Journal
Tim Black on Integral Naked - Where Worlds Collide
March 03, 2008 17:16

Indigenous Cultures in the Modern World. Part 2. Where Worlds Collide.

 

A published author in the areas of trauma, group counseling, and applied Integral theory in counseling ethics engages Ken Wilber on why it's so difficult to find Integrally-minded individuals in the indigenous peoples of his native British Columbia—an issue experienced globally, but expressed here as deep interest and care for those living in a modern Canada....

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WhoTim Black has a Ph.D. in counseling psychology from the University of British Columbia, and has been involved in Integral Institute's Integral Psychotherapy Center since 2004.  Tim's most recent written contribution, an article examining the qualitative/quantitative debate in the social sciences, will appear in an upcoming issue of AQAL Journal.

Summary: One of the most agonizing—and seemingly intractable—problems facing numerous modern nations is their relationship with their indigenous populations.  Australia, South Africa, the United States, and Canada, among many others, have been handed this challenge—often with heartbreaking results.  In some ways, the collision that occurred as the first Europeans set foot on the Americas is still playing out today on American reservations and in American inner city slums.  To paraphrase Einstein, the problems created at one level must be resolved by solutions devised from the next; with that in mind, what insights might integral have to offer?

The evidence of the problem, as Tim Black describes it, is abundantly clear.  Elders among the tribes of British Columbia are pleading for a return to the traditional practices and values; but young people are too busy surfing the Internet or watching MTV to pay much attention. That toothpaste, Ken Wilber says, is not going back in the tube. 

Unfortunately, the cure, as offered from the green/pluralistic altitude, is as bad as the sickness!  Green is quite literally at war with orange/rational (as Ken points out, the grievance is actually, more often than not, with amber/mythic).  In a classic pre-trans fallacy, anything non-orange is considered good; anything orange is not.  The Western Enlightenment—which abolished slavery and gave women the right to vote—is despised.  And everything pre-orange (i.e. premodern), is mandated to stay in place. The performative contradiction (“all statements are relative, except, umm, this one…”) shows up everywhere.  As Ken points out, this is about the most patronizing approach one could possibly take. 

From an integral point of view, it is incredibly instructive to look back at how these problems emerged in the first place.  European tribes formed nation-states, garnering technology to the point that they landed on American shores, for the sake of God, gold, and glory, gunpowder in hand.  The indigenous populations of the Americas were on the same developmental path—as Ken points out, the Iroquois tribe had begun to form a nation of tribes, complete with a constitution.  That another, slightly more advanced worldview was imposed upon them is a case of good news and bad news.  The good news: the new worldspace was, in fact, somewhat more expansive.  The bad news:  indigenous cultures were never allowed to make this leap on their own, in a way that honored their journey.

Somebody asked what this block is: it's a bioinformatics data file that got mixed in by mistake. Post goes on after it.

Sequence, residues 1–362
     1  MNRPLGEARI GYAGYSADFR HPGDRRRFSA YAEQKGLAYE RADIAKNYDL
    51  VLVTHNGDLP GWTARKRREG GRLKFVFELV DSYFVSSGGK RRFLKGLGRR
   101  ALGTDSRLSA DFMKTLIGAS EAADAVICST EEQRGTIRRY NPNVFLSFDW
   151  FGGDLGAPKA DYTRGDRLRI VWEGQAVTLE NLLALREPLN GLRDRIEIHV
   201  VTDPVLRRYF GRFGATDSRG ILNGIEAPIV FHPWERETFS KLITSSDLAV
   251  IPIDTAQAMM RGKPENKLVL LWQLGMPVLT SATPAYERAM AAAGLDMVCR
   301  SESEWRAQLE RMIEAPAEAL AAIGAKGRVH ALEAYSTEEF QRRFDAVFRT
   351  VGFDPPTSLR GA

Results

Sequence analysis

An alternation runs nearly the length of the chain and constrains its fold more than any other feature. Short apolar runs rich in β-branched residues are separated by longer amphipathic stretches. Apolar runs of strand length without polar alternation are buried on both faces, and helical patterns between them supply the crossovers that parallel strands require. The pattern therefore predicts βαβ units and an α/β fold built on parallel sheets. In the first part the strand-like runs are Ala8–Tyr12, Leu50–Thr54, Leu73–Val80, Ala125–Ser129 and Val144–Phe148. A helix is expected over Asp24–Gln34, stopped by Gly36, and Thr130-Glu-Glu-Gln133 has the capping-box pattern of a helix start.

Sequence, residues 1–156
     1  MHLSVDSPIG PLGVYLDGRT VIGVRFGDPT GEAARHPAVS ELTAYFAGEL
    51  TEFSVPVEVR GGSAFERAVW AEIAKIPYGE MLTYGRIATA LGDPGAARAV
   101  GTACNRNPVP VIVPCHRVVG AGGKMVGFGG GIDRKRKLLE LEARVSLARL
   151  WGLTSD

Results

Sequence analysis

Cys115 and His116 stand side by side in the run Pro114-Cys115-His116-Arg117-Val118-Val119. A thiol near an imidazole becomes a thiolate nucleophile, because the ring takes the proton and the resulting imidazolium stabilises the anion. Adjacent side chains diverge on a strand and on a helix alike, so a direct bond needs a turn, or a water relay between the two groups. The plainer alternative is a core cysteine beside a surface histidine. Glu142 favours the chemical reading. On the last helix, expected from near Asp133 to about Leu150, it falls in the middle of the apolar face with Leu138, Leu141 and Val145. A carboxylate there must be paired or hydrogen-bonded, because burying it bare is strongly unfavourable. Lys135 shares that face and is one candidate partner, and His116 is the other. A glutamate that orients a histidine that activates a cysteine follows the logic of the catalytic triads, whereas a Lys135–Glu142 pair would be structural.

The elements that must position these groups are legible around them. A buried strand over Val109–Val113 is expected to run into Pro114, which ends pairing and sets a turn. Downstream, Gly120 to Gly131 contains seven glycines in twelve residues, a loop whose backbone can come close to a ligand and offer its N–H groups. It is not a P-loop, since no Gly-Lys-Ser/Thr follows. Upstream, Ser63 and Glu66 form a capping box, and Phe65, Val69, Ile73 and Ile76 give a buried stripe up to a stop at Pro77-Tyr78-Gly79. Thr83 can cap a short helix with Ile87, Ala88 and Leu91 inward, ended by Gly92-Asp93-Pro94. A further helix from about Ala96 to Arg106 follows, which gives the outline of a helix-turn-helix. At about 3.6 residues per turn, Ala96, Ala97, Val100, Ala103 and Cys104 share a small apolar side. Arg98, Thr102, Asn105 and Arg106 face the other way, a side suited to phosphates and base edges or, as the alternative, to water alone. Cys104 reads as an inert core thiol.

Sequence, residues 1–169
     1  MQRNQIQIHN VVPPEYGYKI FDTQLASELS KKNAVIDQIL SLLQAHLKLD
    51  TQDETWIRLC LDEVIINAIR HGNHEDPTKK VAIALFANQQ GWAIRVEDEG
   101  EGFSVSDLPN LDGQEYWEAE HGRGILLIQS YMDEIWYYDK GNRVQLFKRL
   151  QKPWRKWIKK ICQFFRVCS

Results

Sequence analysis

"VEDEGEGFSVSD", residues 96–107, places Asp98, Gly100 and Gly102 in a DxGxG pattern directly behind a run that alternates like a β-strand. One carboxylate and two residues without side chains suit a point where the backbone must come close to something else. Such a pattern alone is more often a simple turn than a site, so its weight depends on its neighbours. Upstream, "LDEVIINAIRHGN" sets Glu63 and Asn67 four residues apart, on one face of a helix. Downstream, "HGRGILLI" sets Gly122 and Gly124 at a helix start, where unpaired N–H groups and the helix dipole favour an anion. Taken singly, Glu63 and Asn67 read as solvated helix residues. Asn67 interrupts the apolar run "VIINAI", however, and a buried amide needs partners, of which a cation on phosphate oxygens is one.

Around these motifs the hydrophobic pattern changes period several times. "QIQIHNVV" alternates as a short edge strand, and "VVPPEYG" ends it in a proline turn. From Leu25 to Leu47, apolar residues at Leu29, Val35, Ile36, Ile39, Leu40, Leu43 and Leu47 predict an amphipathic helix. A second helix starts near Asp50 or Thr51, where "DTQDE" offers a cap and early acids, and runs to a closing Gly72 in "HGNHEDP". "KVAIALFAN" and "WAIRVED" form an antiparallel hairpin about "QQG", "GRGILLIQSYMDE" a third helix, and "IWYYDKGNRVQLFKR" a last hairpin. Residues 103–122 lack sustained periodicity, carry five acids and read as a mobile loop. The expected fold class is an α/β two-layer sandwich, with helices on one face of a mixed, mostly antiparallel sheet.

Some of the most powerful insights of Ken’s AQAL (“All Quadrants, All Levels”) approach are seen in the relationships between the quadrants.  The Lower-Right Quadrant is the single largest determinant of Upper-Left average mode of consciousness.  At this point, the “bar” in the lower right quadrant is informational—perhaps two full stages above the aboriginal worldspace.  To deny anyone the benefits of these advances would hardly be of service.  The challenge is how to incorporate them in the unique journey indigenous people find themselves on.

The rear-view mirror offers some insight into how to skillfully move forward.  Keeping in mind that individuals and societies move through a series of developmental altitudes—offering increasingly expansive perspectives—and states—extending wakefulness into deeper states of consciousness (gross to subtle to causal to nondual), this universal human journey, as well as its particular starting point, must be honored.  As mentioned, indigenous cultures were never given the chance to continue on the trajectory they held prior to the influx of European structures.  They are essentially held in place at a red/magic to amber/mythic altitude, and at a subtle spirituality.  These cultures will be honored not keeping them in place, but by allowing them to identify elements in their red and amber structures from which their orange structure can be built.  Their spirituality will be honored by allowing them to build on the shamanic tradition, extending its reach from the subtle into the causal.

Integral aims to synthesize all of the world’s perspectives—premodern, modern, and postmodern—as well as to heal the agonizing wounds that exist between these major cultural blocks, wounds that cut all the way to the deepest heart of the human condition. This discussion is a wonderful example of how this synthesis is beginning to take place in the real world, and we are extremely excited to have you join us in this important and provocative discussion!

 

"You can't take back the technology, you can't take back the internet—the lower-right quadrant has moved to a place where it's now set the new bar. And if we aren't at least meeting at that bar, then people get left behind."

Click here for full dialogue!

 

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